AI · Jargon · Language · Tone of voice · Voicetech

Study: Leaders use jargon when business is failing

An oldie but a goodie.

A couple of year’s ago, an AI solution by S&P Market Intelligence began to predict trading markets based on the jargon used by business leaders.

It found leaders speaking in complicated, long-winded and polysyllabic language tended to precede stock declines.

“When it’s good news, people tend to say it directly. When they have bad news, they tend to dance around it,” said David Pople, Head of Quantamental Research at S&P.

What does your language or the language your organisation uses reveal about you? And if this was a couple of years ago, I’d love to know where this tech has got to today.

Here’s the full article in the Financial Times (paywall).

Behavioural science · Jargon · Tone of voice

How CrossFit reminded me about language

Last night I went to CrossFit for the first time. Free trial.

Before you ask, I’m fine. I’m not writing this from a hospital bed or anything. But whilst I was there it made me think about language and the way we use words at work.

When I arrived at this big warehouse – sun shining, lots of sweaty people – I talked to the person on reception and they said I could put my jumper and coat in the “Mezz”, and then hang there until the workout.

We then headed to the “Box”, before going over the “WOD”. We then smashed the “Wall Balls” and the “SQs” with “AMRAP” within eight minutes.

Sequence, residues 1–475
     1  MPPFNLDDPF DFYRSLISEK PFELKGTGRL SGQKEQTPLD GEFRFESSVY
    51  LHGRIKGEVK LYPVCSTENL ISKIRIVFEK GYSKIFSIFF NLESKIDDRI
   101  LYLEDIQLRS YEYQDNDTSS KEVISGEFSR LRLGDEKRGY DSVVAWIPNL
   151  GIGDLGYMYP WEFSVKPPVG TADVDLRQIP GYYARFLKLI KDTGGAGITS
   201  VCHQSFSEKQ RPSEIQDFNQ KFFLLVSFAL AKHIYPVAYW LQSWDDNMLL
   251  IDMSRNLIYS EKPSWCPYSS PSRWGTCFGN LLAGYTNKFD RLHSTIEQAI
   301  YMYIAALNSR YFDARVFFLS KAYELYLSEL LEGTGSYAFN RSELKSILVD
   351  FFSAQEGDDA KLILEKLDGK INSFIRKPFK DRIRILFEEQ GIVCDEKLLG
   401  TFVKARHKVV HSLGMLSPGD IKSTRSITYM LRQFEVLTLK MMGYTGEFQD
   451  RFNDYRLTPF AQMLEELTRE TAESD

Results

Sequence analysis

Are you still with me after all that gobbledygook?

See, the thing it reminded me of is that people love jargon.

As Harvard Professor and popular author Stephen Pinker says: “Jargon is a tribal thing. Jargon is a sociolect we’ve adopted amongst our colleagues. It’s a sense of being in a team.

“But, people who aren’t in the team feel left out.”

Now, don’t get me wrong. The people at CrossFit Nottingham were great at explaining all the lingo and the jargon.

Like most teams I’ve worked with at work, they were passionate about what they do. There was a sense of community and camaraderie there.

And they took the time to explain the jargon, to make me feel welcome.

What’s your equivalent to a WOD?

So, when you’re next communicating with the people in your team, think about your equivalents to a WOD (Workout of the day) or a SQ (Squat).

You might be using language like “synergies”. You might be “underpinning” a few things. (I won’t go on.) But think about how it feels to others. How does it feel to your readers and listeners? Are you explaining it? Do people understand you?

As humans, we’re socially conditioned to love jargon. To love feeling like we’re part of a team. But be aware of when and where you use it. And especially who you’re talking to.